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Back in the Day

When the Dancing Stopped

Platform shoes, pounding beat, and sex--was that disco? Alice Echols reviews the recent past.

Book Cover While I assign to the film Saturday Night Fever the role of token/emblem of the worst decade in my lifetime, I have never enlarged that judgment to include the whole of the most prevalent music of the time, disco. In the main because I admired the talents of the writing and producing team of Philadelphia’s Kenny Gamble and Leon Huff and their legendary Sound of Philadelphia (O’Jays, Harold Melvin and the Blue Notes, etc.).

Alice Echols (Scars of Sweet Paradise), American Studies mentor at Rutgers University and a former disco DJ, has delved deeply into disco and written Hot Stuff: Disco and the Remaking of American Culture (WW Norton), which, as the title suggests, establishes disco and its coincident culture as a transformative element, especially regarding “the emergence of ‘gay macho,’ a rising black middle class, and a growing, if equivocal, openness about female sexuality,” not to mention a new and improved celebrity culture via venues like the immortal disco pantheon, Studio 54.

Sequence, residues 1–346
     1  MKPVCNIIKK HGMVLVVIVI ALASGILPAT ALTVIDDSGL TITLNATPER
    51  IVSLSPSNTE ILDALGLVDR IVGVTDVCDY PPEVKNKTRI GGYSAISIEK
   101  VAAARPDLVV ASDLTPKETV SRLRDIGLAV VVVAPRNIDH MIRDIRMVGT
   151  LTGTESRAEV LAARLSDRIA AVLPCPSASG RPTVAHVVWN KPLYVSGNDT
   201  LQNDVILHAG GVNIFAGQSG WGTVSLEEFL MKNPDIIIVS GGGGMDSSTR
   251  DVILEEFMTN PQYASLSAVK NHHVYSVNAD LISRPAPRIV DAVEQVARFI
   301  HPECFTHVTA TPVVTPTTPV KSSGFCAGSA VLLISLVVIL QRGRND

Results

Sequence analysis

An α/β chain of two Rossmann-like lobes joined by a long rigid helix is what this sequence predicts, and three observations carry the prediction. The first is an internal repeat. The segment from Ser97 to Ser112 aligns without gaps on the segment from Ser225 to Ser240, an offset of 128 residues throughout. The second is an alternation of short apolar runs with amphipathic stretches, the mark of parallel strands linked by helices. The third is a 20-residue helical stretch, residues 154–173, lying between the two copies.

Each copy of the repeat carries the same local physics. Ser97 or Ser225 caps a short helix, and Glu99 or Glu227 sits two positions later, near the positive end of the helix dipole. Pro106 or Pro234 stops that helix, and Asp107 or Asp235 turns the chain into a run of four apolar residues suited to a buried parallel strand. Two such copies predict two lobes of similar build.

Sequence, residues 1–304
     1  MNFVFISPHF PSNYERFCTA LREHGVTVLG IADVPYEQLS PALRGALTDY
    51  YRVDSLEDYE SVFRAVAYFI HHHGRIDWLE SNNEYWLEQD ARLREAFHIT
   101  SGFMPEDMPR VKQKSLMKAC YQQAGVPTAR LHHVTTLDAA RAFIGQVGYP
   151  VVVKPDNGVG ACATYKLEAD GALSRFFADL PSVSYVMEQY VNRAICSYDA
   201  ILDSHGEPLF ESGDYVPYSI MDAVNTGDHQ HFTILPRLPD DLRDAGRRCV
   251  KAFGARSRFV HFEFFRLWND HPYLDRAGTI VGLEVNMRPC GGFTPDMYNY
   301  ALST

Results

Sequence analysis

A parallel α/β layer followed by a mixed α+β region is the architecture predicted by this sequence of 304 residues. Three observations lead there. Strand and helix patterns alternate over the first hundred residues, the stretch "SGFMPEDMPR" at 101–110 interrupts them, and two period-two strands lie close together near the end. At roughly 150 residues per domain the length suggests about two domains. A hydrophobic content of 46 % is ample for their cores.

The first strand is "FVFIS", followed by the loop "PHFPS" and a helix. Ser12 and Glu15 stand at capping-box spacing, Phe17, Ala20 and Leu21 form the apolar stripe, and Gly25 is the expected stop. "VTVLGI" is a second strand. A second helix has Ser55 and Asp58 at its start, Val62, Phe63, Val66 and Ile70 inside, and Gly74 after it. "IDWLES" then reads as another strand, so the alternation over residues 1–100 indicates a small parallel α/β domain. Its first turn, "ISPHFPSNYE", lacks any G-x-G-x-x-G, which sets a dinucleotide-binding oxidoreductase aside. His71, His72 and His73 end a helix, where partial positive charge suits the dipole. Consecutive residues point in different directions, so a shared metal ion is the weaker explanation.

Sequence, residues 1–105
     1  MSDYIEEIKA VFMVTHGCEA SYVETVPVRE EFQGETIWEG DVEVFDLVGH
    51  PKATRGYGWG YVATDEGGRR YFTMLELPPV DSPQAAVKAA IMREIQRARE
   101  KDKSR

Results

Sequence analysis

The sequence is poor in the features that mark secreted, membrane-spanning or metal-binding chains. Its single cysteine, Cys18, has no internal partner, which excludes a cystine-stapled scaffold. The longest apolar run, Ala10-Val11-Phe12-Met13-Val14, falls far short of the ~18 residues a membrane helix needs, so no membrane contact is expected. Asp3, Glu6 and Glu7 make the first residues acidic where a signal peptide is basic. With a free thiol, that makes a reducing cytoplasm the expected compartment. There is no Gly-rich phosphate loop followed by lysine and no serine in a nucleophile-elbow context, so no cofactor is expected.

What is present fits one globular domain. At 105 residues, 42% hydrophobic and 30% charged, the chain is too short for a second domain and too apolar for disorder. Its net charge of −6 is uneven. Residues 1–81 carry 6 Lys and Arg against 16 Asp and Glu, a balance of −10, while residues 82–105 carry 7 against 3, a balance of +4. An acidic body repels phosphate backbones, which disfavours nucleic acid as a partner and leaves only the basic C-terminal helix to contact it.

Whatever your tolerance for this kind of cultural analysis, Echols does cover two of the more interesting episodes of the disco era—which ended as one TV comedy character claimed, “The day Barbara Streisand touched it.” The whole Saturday Night Fever story is recounted, from Nik Cohn’s heavily imagined magazine article to script writer Norman Wexler’s more complex portrait, which attempted some broader statement about fame and ambition.

And, of course, Echols writes of the 1979 anti-disco demonstration at Chicago’s Comiskey Park, which sparked a riot after a radio station blew up a crate of records and thousands of people rushed the field. Which she posits as a prominent marker for the anti-disco backlash, which some historians eagerly and facilely connect to racism and homophobia.
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